So if the biggest overseas market by volume has only increased its shipped value by 0.2% how do we arrive at the Very Big Headline number of a 14% increase to $2.1b? Is it a case that the UK is still bringing in vast volumes of the cheaper stuff? Maybe that’s why the press release has concentrated on the $10.00 and above?
How does Ireland fit into this? Well, the Press Release on the recent wine fairs quotes The Irish Times’ wine correspondent John Wilson suggesting that Australian wine is making a comeback in Ireland: ‘I think Australia’s been through a difficult period in Ireland in the last four or five years but I can see it coming out of that. I think it’s a combination of currency and style but I think Australia has risen to the challenge and is actually primed to do very well in the next four or five years,’ he said. This is interesting only in so far as Australia was Number One in Ireland but, as it needed to focus on a value offering, ie more expensive wines in order to help the industry survive back in Australia, it has slipped back to Number Two. It has no intention of trying to knock Chile off its perch – it just doesn’t have the wine. So, one presumes ‘coming out of a difficult period’ means that it is now selling better quality wine again after Ireland’s internal fiscal difficulties ie everyone was broke and switched to Chile, Aldi and Lidl! Now there’s an interesting one. Lidl bonds in England and not in Ireland. Aldi brings theirs in from Germany. Wine Australia figures are for exports out of Australia. In this case ‘our wine’ is often in the UK and German statistics! Does this mean our numbers for inexpensive wines from Australia are seriously under reported?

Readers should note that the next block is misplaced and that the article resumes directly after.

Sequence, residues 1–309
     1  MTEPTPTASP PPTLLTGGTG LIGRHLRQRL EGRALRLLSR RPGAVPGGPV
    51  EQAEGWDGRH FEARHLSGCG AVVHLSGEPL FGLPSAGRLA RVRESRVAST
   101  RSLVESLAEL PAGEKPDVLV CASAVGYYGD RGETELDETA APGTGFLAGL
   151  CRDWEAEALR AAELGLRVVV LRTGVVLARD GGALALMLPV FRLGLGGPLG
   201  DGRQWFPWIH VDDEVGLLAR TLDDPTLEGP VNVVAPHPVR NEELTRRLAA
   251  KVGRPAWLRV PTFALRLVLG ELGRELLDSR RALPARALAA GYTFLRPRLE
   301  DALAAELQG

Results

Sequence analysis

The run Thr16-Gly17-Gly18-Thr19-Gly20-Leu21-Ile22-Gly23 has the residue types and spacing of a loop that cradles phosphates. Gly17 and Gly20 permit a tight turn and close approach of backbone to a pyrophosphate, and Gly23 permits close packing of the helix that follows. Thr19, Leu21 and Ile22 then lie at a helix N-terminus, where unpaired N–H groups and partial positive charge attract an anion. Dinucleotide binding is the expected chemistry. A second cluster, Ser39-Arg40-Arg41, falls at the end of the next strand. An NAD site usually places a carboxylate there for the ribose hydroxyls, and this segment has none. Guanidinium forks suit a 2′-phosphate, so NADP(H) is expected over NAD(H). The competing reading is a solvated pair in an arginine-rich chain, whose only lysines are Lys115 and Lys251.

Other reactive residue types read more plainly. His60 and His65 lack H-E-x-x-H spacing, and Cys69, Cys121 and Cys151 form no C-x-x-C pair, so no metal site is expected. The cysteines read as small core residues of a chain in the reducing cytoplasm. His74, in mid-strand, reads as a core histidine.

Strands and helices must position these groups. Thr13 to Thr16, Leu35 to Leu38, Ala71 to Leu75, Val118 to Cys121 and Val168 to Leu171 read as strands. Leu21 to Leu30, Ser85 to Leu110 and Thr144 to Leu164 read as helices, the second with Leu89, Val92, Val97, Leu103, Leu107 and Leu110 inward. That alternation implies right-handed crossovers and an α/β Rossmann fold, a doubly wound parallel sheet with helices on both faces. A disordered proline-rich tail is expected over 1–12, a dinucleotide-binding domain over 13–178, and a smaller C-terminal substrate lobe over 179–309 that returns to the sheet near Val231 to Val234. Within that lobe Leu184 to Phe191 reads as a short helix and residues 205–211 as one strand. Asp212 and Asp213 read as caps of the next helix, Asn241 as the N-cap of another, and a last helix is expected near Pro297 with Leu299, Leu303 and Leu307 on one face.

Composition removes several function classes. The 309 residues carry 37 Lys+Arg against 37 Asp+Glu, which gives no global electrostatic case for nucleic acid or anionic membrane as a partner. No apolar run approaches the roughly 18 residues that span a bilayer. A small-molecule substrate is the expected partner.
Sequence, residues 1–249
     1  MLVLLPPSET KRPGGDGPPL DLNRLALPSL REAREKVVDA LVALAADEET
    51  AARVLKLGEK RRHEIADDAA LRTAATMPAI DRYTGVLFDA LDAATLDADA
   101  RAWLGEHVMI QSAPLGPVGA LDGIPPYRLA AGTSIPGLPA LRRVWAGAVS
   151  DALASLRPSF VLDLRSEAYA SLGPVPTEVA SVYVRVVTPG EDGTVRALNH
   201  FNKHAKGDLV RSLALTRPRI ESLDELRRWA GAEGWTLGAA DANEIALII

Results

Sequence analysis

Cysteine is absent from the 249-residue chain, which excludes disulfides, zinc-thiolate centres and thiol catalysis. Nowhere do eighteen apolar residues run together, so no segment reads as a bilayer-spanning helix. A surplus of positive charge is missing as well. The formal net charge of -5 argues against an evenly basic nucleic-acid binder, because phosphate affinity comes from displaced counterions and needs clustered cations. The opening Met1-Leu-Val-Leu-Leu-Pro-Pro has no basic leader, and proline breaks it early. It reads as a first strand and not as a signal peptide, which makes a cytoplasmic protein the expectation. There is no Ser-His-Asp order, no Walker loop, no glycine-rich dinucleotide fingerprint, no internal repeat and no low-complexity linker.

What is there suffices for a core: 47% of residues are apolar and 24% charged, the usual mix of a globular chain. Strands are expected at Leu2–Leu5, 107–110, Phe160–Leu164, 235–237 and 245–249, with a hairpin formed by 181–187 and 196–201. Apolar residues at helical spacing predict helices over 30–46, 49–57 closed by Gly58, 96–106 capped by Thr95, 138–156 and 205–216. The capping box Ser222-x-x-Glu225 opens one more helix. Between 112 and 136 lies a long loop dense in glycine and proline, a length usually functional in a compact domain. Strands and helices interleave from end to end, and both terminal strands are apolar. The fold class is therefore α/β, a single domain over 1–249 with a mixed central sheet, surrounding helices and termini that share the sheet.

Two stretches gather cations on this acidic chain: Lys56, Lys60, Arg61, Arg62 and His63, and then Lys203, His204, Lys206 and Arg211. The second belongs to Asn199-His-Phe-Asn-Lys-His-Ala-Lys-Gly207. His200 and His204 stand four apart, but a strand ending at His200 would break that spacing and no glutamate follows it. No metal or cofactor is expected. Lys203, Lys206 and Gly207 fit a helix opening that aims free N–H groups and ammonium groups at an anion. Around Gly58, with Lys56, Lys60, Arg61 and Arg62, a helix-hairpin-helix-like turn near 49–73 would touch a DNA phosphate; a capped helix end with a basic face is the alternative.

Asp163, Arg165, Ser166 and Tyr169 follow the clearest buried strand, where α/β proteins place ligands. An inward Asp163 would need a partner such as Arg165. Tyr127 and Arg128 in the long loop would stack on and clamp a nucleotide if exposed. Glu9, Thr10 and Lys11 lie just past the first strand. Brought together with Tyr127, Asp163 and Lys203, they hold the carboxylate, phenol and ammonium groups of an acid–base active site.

FACTCHECK: Look up export figures to Ireland …. Value up? Volume up? Wine Australia tells us the following for Ireland’s direct shipments:
2014 3,149,562 ls $11,454,380 average value $3.64
2015 3,587,066 ls $13,228,271 average value $3.69
This gives us a 1% value change year on year BEFORE taking into account any volume shipped from the UK and or Germany both of which are likely to bring the average value down and not up.
What’s the real news? The headline really should read: ‘Australian Wines Slip Back into Second Place in Ireland, behind Chile, and Continues to Record No Change in Value.’ So, in real terms both value and volume are down. What’s Australia doing about it? Not a lot. The wine Fair is sub-standard and there is very little else is in the calendar for 2016.
Are we now impressed by the headlines, that were carried by many of the press in Ireland, telling us that it’s all rosy and on the way up for Australian wines? Not really – unless we’re an extension of China also!
All of these views are my own and if I am wrong then please point my mistakes out to me. I will be glad to clarify. I have the highest of respect for Australian wines and Australian wine makers many of which are among the best in the world. Ireland continues to be a very important export market for Australian wines and it should not be lumped in with something as vague as a UK marketing platform. Finally, John Wilson is one our best ever wine writers and I hold both his writing and integrity in the highest regard. Kevin